Will Hurricane Jose Also Make Its Way To The US?

The tropical storm that was hovering closely behind Hurricane Irma has since been upgraded to a Category 1 hurricane. As meteorologists are tracking its development and trajectory, many Americans are wondering if Hurricane Jose will hit the United States as well. Most recent reports have it moving west, then up north — essentially following Irma's path — so it could indeed reach the the mainland if it continues on its current course.

According to the National Hurricane Center, as of 11 a.m. Eastern Time, Hurricane Jose was located about 715 miles east of the Lesser Antilles, a group of islands in the Caribbean Sea. Jose reportedly has wind speeds sustained at 90 mph. Experts at the NHC believe that Jose will develop into a "major hurricane" as early as Friday. In order to be upgraded to a more powerful hurricane, Jose's wind speeds must only slightly increase to reach 96 mph. Considering its current trajectory, that's certainly a possibility.

Shortly after being catastrophically damaged by Hurricane Irma, an additional hurricane watch has been issued for the islands of Antigua and Barbuda. According to the NHC:

Jose is developing an eye. Convection remains very symmetric around the center, and a well-defined mid-level eye has been evident in microwave imagery throughout the morning ... Outflow remains well established in all quadrants, despite the close proximity of Irma to the west, perhaps in part due to the small size of Jose.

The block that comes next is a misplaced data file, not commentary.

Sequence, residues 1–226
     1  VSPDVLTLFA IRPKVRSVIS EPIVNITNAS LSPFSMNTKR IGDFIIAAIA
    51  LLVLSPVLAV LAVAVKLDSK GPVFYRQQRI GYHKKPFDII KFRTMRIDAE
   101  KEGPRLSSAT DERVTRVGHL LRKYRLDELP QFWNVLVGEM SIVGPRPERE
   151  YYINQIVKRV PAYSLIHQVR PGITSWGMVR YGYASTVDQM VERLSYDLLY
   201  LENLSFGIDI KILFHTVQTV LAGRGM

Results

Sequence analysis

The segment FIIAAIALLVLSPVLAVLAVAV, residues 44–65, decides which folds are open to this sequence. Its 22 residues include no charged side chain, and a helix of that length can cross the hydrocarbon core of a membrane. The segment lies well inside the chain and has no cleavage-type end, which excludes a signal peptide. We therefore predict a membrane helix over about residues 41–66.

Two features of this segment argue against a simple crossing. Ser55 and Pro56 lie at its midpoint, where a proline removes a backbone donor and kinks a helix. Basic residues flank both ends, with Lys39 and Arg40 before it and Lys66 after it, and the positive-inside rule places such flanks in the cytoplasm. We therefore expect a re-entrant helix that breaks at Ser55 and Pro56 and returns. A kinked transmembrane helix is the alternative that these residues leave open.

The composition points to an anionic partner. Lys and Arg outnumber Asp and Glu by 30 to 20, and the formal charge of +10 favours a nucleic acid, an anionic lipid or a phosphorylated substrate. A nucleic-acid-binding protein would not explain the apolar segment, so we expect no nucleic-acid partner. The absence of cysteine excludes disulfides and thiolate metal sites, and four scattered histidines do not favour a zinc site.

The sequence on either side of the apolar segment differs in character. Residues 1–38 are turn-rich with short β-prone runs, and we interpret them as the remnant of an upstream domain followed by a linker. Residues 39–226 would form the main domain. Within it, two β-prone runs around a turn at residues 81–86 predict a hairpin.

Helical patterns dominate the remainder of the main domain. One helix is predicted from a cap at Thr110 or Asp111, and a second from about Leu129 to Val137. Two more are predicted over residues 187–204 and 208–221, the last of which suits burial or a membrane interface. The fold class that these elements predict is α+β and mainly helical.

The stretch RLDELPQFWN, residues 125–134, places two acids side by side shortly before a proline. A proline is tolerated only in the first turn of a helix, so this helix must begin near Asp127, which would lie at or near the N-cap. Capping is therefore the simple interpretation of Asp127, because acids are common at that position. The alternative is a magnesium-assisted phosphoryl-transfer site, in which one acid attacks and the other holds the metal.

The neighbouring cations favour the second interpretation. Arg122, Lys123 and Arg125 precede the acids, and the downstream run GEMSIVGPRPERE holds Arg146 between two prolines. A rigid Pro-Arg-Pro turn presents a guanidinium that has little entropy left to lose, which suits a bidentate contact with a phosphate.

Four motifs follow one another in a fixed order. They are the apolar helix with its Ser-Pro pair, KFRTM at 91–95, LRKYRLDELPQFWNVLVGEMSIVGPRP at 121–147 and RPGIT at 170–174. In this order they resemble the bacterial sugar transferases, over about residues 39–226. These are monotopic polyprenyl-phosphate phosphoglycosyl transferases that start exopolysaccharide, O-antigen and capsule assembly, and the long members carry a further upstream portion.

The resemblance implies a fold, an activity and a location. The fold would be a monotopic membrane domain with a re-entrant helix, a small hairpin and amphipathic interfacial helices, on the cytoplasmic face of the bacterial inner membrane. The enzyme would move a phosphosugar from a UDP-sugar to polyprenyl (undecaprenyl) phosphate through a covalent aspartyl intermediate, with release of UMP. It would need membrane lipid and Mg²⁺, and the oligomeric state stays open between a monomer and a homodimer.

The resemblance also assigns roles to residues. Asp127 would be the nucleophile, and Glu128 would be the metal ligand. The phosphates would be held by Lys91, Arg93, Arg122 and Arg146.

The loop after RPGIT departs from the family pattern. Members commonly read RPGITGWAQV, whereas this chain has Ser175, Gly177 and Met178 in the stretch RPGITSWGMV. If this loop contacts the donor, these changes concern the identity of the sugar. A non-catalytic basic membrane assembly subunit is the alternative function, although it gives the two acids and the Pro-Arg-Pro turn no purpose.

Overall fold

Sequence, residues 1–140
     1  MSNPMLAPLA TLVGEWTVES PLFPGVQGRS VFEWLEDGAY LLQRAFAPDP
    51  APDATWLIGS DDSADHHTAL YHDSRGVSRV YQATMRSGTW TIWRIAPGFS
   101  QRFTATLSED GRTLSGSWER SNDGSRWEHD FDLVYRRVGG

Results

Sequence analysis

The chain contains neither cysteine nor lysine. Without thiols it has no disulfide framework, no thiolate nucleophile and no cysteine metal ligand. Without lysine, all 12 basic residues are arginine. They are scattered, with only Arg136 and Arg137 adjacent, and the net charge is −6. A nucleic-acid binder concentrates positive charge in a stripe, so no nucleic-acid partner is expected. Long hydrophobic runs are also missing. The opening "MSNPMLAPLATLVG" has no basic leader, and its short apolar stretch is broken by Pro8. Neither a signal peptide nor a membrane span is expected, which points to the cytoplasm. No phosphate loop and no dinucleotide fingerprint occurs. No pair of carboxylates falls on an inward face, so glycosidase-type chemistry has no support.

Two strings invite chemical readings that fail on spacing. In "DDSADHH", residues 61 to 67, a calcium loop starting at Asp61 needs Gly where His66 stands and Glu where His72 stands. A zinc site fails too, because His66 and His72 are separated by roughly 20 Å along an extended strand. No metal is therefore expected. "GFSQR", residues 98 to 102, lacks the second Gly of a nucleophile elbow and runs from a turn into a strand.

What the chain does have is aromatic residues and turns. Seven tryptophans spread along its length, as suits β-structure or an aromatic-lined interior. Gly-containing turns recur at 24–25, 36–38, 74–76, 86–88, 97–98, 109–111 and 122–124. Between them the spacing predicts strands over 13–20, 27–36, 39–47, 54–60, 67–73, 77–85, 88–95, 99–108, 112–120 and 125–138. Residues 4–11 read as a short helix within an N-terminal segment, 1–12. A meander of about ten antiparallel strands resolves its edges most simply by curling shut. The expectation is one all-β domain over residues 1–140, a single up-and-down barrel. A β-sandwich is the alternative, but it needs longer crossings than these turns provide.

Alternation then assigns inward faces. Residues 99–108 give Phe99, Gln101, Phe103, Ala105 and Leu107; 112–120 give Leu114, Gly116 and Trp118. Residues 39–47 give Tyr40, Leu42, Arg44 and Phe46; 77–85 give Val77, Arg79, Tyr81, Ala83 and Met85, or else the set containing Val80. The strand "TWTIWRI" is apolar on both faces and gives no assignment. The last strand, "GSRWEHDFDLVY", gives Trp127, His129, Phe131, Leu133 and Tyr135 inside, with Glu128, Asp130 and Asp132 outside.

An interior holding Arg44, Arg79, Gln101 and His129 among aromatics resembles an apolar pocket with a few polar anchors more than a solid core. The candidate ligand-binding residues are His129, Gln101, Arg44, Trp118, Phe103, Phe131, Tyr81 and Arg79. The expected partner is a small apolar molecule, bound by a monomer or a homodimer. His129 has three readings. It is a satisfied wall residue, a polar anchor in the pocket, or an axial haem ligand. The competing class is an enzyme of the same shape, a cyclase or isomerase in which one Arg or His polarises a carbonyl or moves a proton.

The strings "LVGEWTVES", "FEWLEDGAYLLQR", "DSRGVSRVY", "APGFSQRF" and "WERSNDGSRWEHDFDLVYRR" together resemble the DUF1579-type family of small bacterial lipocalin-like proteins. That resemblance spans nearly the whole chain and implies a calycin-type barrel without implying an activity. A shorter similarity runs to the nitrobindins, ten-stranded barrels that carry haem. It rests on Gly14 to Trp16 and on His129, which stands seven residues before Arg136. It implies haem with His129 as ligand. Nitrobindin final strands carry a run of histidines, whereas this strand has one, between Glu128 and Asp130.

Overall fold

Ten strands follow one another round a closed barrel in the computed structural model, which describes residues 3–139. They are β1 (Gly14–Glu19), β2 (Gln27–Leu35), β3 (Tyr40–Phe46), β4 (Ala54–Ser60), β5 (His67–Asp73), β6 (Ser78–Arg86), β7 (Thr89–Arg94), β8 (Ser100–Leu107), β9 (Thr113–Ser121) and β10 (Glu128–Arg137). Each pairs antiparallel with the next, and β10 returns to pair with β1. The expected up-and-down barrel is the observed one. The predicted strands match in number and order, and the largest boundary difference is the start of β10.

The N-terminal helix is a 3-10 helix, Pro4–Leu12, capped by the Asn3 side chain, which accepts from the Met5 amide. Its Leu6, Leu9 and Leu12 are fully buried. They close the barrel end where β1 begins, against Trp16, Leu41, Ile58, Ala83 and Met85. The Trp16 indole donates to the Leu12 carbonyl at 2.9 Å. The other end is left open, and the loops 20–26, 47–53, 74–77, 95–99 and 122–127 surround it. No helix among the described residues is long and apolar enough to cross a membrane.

The NHC also stated that the storm is quickly growing in size and strength:

However, the overall trend of intensification is not likely to have ended, and Jose is still forecast to become a major hurricane in about 24 hours.

The expected path of Jose would bring it near Barbuda, St. Martin, and St. Barts. If impacted, these Caribbean islands could face additional destruction following Hurricane Irma. The Washington Post reported that Antigua and Barbuda both experienced mass destruction with a current death toll of 10 people across the Caribbean, including one infant.

Antigua and Barbuda Prime Minister Gaston Browne issued a statement saying that 95 percent of all property in Barbuda was damaged, including necessary disaster relief buildings such as the island's hospital and airport, according to The Washington Post. Browne reportedly spoke with the news outlet on Thursday, stating “We are very worried about Hurricane Jose." However, the people of the Caribbean are not the only ones concerned about coming storms.

Many on the eastern coast of the United States are preparing for Hurricane Irma to make landfall. The Weather Channel has reported that many areas in Florida, as well as Georgia and South Carolina have issued hurricane watches, warning residents of what's ahead.

If Jose continues to follow behind Irma and head toward the United States with more strength, people along the Atlantic — think Florida, Georgia, and in the Carolinas as well — may need to brace for impact from two potentially catastrophic storms.

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